SEC Wins Default Against Absent Bay Area Exec

     SAN FRANCISCO (CN) – A Bay Area executive accused of reselling $900,000 in stock already sold to other investors never responded to the government’s complaint against him, leading to a default judgment against him on Tuesday.
     The Securities and Exchange Commission sued Vinay Kumar Nevatia, a former Palo Alto executive and owner of “several now-defunct investment entities,” in December 2014.
     Kumar and his eight aliases were the only defendants in the lawsuit.
     The SEC says Kumar first raised money from investors to buy shares of privately held CSS Corp. Technologies. Three years later, he resold those shares “which belonged to the original investors” without telling them the complaint said.
     Kumar “went to great effort to conceal his double dealing,” the SEC said.
     “He lied to CSS’s transfer agent, saying that new stock certificates should be issued to the new buyers and that the original stock certificates had been lost,” the complaint said.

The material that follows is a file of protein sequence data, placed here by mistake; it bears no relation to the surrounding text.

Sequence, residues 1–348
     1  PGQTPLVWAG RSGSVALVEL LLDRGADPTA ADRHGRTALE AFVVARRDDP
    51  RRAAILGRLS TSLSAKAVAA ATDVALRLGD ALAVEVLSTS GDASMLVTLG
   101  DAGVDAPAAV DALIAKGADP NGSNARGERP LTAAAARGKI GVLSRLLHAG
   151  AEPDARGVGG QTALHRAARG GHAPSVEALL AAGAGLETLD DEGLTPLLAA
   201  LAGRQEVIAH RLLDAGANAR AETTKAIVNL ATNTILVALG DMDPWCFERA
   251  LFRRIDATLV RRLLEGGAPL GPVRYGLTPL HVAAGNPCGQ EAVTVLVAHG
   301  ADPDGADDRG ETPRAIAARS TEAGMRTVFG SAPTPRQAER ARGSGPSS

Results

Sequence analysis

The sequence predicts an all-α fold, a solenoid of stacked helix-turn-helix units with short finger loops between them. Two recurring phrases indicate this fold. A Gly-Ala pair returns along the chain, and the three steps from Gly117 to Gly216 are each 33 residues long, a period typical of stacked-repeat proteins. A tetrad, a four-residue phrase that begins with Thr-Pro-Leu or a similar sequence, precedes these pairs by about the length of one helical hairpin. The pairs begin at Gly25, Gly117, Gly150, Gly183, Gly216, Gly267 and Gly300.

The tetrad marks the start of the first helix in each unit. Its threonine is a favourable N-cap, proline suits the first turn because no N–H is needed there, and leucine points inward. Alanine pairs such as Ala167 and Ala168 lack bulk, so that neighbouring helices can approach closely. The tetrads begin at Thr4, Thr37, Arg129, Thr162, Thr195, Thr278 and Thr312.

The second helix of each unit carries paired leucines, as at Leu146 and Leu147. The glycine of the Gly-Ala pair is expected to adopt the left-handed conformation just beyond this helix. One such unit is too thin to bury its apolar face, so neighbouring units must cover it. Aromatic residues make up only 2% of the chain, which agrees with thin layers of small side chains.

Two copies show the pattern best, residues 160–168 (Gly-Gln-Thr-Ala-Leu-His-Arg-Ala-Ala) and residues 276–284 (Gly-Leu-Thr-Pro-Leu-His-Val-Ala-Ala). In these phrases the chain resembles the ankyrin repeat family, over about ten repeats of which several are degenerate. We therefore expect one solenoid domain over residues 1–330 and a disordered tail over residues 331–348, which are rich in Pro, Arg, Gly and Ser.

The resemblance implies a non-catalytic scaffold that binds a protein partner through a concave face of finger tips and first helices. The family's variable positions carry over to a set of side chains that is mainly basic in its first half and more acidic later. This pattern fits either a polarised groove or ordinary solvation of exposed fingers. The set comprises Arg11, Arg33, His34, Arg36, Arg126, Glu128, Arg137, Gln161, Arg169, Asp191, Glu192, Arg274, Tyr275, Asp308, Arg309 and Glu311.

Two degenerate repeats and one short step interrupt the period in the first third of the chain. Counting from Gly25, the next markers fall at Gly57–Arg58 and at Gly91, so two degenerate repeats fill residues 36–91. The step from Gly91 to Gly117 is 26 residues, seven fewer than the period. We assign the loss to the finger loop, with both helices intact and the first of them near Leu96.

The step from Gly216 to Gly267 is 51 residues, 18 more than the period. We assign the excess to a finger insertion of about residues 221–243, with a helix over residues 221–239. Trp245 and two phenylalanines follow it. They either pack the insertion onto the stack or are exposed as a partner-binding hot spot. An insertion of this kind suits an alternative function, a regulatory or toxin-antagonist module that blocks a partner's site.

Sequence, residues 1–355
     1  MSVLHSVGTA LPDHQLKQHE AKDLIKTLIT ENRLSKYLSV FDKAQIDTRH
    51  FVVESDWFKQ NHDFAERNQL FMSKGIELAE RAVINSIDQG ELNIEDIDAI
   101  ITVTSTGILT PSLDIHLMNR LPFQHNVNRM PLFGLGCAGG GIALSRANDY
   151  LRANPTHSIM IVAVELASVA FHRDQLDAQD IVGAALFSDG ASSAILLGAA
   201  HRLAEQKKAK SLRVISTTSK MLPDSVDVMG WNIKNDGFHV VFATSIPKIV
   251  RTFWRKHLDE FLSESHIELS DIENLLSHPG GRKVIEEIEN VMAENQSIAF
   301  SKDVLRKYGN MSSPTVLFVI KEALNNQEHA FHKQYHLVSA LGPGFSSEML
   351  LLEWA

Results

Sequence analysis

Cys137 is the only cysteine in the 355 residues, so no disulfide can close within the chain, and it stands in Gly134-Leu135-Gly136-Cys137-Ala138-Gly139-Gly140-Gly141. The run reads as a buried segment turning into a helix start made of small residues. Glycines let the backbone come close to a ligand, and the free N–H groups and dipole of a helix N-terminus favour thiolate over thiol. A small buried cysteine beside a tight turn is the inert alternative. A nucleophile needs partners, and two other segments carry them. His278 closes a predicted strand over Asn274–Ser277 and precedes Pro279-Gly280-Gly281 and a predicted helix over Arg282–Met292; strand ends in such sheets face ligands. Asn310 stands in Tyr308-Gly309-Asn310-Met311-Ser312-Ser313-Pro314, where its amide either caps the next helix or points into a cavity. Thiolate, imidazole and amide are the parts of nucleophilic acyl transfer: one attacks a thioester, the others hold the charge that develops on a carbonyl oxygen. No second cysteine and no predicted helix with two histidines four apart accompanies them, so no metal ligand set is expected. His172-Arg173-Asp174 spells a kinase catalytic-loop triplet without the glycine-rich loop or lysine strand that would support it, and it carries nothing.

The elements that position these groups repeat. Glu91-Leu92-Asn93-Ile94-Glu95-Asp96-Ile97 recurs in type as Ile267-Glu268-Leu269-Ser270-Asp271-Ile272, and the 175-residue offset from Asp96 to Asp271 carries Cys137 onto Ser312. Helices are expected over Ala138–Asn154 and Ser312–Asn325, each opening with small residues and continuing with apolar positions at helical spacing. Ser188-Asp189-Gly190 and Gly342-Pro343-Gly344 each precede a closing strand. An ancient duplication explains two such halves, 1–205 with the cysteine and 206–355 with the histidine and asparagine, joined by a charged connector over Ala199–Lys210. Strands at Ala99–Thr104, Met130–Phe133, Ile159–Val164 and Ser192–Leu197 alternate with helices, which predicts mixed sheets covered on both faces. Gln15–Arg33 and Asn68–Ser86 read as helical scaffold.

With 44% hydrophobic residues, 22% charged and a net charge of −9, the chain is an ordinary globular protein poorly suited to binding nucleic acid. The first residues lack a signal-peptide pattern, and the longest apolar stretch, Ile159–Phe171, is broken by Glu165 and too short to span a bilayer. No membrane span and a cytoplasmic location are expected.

After fraudulently selling their shares, Kumar then deceived the original investors into believing they still owned the stock as he absconded with $900,000 in proceeds, according to the SEC.
     The SEC asked the court for disgorgement, penalties and an injunction.
     A court summons and copy of the complaint were delivered to Kumar on Feb. 9 through the Dubai Customs Holding Center in Dubai, United Arab Emirates, where Kumar was being held on unrelated charges.
     However, Kumar never responded to the complaint, according to the SEC’s motion for default judgment filed on July 17.
     Kumar, 46, lived in Palo Alto from 2004 until 2013, the SEC said. His businesses included KBR Capital Markets, LLC; KBR Capital Partners, Inc.; KBR Capital Partners, LLC; and KBR Fund, LP, which he operated out of offices in San Mateo County and his home.
     Kumar could not be reached for comment, and the SEC did not immediately return a request for comment.

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